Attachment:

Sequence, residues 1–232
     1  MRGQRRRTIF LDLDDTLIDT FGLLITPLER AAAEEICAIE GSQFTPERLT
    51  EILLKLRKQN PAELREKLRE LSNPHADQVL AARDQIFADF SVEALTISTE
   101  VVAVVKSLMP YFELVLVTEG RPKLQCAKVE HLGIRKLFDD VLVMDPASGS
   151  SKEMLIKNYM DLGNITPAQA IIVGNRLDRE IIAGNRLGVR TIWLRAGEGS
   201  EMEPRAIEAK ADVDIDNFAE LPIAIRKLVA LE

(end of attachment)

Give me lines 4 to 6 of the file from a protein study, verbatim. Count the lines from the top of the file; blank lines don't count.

   101  VVAVVKSLMP YFELVLVTEG RPKLQCAKVE HLGIRKLFDD VLVMDPASGS
   151  SKEMLIKNYM DLGNITPAQA IIVGNRLDRE IIAGNRLGVR TIWLRAGEGS
   201  EMEPRAIEAK ADVDIDNFAE LPIAIRKLVA LE